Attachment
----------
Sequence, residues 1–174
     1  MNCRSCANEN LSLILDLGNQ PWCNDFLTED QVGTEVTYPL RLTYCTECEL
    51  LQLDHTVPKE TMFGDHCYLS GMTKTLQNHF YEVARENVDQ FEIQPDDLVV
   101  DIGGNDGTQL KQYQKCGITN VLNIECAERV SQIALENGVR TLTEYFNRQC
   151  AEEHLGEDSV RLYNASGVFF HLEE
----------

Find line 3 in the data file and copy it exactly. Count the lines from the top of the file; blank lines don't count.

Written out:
    51  LQLDHTVPKE TMFGDHCYLS GMTKTLQNHF YEVARENVDQ FEIQPDDLVV